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OUTLINE

• Some
S P li i i
Preliminaries
• Cost of Debt and Preference
• Cost
C off Equity
E i
• Determining the Proportions
• Weighted Average Cost of Capital
• Weighted Marginal Cost of Capital
• Floatation Costs and the WACC
• Divisional and Project Cost of Capital
• Cost of Capital in Practice
• Determining the Optimal Capital Budget
• Factors Affecting the Weighted Average Cost of Capital
COST OF CAPITAL

The cost of capital of any investment (project, business, or


company) is the rate of return the suppliers of capital would
expect to receive if the capital were invested elsewhere in an
i
investment ( j
(project, b i
business, or company)) off comparable
bl risk
ik

• The
Th cost off capital
i l reflects
fl expectedd return

• The cost of capital represents an opportunity cost


WEIGHTED AVERAGE
COST OF CAPITAL (WACC)

WACC = wErE + wprp + wDrD (1 – tc)


wE = proportion of equity
rE = cost of equity
q y
wp = proportion of preference
rp = costt off preference
f
wD = proportion of debt
rD = pre-tax cost of debt
tc = corporate tax rate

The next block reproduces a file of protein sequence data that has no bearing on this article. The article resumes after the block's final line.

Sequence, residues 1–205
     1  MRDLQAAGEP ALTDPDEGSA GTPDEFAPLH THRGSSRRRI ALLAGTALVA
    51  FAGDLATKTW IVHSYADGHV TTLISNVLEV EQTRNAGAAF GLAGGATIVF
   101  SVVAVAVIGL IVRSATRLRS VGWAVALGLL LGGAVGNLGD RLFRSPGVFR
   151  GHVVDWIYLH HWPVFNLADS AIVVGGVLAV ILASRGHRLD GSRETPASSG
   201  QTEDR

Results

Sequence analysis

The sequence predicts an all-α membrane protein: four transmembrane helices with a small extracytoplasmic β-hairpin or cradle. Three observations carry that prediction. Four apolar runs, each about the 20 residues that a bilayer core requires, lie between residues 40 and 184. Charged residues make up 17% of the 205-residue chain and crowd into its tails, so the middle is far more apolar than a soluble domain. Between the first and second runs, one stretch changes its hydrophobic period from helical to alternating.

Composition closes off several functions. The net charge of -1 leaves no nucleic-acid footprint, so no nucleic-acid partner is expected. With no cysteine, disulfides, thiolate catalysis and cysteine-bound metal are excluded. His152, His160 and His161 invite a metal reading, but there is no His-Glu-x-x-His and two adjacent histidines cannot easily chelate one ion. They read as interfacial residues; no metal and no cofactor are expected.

KEY POINTS

• Only three types of capital (equity; nonconvertible,


noncallable
ll bl preference;
f andd nonconvertible,
ibl noncallable
ll bl
debt) are considered.

• Debt includes long-term debt as well as short-term debt.

• Non-interest bearingg liabilities, such as trade creditors,


are not included in the calculation of WACC.
COMPANY COST OF CAPITAL AND
PROJECT COST OF CAPITAL

• The company cost of capital is the rate of return


expected by the existing capital providers.

• The project cost of capital is the rate of return expected


by capital providers for a new project the company
proposes to undertake

• The company
p y cost of capital
p ((WACC)) is the right
g
discount rate for an investment which is a carbon copy
of the existing firm.
COST OF DEBT
n I F
P0 =  +
t = 1 (1 + rD)t (1 + rD)n
P0 = current price of the debenture
I = annual interest payment
n = number of years left to maturity
F = maturity value
rD is computed through trial-and-error. A very close
approximation
pp is:
I + (F – P0)/n
rD =
0 6P0 + 0.4F
0.6P 0 4F
ILLUSTRATION

Face value = 1,000


Coupon rate = 12 percent
Period to maturity = 4 years
Current market price = Rs.1040

The approximate yield to maturity of this debenture is :


120 + (1000 – 1040) / 4
rD = = 10.7 percent
0 6 x 1040 + 0.4
0.6 0 4 x 1000
COST OF PREFERENCE

Given the fixed nature of preference dividend and principal